Whether or not you are comfortable using the concept of the devil and demonic powers to describe what we are up against, it is clear that if we want our faith to be something more than just a religious version of socially acceptable behaviour and niceties, then we are going to have to engage in a serious struggle with something that is quite powerful. Personally, I’m not sure whether I believe that there is an actual individual creature called the devil who has some kind of control over such forces, but I do find it a helpful way of thinking about what I’m up against. Somehow it is easier to get my mind around the conflict if I can give the opposition a name and a set of character traits.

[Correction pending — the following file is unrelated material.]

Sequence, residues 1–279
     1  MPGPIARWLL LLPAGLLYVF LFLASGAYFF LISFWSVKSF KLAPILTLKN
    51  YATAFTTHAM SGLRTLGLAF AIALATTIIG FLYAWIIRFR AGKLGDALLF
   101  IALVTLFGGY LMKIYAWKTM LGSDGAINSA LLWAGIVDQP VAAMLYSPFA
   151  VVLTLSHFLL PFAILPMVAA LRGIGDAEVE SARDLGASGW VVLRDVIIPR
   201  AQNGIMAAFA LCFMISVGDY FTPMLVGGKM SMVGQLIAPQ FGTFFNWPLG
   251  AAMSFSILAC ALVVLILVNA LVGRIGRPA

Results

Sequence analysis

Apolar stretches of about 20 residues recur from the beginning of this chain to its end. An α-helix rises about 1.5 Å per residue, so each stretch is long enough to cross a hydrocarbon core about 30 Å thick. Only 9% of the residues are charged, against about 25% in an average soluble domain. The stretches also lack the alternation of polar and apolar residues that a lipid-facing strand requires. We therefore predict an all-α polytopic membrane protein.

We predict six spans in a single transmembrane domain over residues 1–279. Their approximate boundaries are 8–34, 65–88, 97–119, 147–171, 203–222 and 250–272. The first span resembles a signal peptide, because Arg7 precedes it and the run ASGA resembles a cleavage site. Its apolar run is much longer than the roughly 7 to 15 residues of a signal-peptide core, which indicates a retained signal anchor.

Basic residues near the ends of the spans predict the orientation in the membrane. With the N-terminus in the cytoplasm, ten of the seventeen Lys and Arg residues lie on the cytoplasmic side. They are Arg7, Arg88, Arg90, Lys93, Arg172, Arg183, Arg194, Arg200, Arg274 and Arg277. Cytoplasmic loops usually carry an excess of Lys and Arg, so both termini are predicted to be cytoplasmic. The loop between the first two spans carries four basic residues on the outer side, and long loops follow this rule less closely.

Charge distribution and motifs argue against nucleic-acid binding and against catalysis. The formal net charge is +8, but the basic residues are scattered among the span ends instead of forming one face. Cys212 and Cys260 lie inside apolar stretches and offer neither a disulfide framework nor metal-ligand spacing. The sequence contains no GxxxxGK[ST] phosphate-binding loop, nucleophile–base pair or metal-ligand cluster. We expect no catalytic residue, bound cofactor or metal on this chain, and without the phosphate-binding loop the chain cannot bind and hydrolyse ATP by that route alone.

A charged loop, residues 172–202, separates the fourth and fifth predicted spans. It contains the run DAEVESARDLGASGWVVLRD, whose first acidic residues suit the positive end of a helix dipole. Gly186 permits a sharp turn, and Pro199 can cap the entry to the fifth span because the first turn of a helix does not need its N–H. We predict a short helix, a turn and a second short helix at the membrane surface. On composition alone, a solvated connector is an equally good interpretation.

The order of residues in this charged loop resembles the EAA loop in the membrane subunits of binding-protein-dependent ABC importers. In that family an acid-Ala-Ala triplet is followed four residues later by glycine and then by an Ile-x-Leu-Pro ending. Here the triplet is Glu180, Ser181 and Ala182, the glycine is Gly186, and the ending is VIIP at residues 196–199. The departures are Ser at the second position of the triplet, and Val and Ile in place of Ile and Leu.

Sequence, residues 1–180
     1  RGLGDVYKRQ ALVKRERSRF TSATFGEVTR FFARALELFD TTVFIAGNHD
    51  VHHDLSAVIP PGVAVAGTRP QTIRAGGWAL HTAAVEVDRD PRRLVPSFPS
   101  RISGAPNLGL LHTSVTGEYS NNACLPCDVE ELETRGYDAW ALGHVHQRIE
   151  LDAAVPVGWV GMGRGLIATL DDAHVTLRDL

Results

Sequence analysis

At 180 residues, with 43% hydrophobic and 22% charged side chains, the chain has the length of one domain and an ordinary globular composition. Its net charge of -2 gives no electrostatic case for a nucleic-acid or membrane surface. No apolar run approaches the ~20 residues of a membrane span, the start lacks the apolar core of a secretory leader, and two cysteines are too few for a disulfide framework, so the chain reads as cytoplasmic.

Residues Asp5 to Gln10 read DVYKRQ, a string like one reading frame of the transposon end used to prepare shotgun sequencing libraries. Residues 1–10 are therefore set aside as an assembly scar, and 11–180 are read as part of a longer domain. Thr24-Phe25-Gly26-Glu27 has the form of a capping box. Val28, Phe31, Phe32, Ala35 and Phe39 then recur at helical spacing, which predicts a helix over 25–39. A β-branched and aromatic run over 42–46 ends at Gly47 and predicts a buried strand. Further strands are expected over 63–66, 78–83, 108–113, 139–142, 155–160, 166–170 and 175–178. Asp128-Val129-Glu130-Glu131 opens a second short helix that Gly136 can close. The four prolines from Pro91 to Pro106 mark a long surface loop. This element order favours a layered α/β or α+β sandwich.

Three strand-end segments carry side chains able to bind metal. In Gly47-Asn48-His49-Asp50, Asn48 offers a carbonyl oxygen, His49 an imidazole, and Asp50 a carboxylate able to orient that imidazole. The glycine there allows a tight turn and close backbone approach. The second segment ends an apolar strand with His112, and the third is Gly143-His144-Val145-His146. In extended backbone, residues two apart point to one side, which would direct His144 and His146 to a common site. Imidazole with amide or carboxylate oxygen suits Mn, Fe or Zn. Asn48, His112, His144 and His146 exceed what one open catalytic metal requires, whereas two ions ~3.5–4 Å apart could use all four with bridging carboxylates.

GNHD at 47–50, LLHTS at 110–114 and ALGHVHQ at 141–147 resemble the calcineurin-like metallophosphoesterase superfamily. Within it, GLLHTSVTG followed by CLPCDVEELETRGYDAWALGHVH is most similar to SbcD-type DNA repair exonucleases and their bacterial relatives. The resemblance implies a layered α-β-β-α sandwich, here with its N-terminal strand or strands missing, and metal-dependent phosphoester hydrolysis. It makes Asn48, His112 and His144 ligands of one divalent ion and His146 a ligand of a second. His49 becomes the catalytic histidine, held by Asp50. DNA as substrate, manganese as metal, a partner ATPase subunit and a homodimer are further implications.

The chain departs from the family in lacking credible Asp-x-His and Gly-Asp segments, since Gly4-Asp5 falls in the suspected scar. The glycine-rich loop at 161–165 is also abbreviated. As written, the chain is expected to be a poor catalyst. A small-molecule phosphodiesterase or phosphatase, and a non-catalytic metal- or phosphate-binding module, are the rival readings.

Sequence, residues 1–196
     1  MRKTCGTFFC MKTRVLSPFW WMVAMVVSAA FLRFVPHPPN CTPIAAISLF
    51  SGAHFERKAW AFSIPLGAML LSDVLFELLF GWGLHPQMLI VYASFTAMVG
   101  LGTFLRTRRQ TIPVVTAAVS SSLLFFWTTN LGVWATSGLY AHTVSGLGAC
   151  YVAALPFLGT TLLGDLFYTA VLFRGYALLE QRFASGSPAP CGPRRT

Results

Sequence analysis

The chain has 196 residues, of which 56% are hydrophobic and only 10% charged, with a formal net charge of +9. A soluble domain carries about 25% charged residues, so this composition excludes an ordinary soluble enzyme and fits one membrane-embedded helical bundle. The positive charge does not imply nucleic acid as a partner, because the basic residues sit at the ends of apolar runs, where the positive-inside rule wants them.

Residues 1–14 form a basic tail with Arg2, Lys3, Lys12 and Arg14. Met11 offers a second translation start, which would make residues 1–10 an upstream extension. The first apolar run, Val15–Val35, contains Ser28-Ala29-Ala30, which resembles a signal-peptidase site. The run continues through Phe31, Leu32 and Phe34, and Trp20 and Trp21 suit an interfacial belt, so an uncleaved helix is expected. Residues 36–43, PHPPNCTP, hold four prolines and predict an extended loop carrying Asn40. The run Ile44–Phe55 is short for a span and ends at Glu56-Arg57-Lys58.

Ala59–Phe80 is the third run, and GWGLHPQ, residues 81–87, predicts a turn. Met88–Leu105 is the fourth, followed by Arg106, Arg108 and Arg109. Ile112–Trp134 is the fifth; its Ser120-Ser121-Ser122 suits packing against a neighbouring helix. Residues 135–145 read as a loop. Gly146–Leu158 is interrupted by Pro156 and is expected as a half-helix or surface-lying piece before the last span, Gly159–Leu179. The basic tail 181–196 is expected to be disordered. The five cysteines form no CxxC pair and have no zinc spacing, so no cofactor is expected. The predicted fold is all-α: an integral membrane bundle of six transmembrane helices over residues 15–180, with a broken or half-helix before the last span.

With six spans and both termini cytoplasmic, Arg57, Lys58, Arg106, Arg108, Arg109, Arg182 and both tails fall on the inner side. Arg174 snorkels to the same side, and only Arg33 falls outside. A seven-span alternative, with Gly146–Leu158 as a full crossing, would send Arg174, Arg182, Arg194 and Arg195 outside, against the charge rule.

But Paul’s real focus in this passage in Ephesians is not actually the identity or nature of the opposition, it is on how we should prepare ourselves so that we will be able to hold our ground in the struggle. And this is where the rubber really hits the road for us. We all know that the easiest way to live is to just conform with the norms and expectations of the society we live in. The more we try to model our lives on Jesus Christ, the more we are going to be seriously out of step and it is going to be tough. Just holding our ground is going to come at a cost, let alone making significant progress.
So, the image Paul uses to describe how we should prepare ourselves is the image of a patrol of peacekeepers getting dressed and armed for dangerous duty. He says we are going to need all the arms God gives us, but the armour and weapons he describes are truth, justice and righteousness, a passion for peace, faith, salvation, and a knowledge of the Word of God.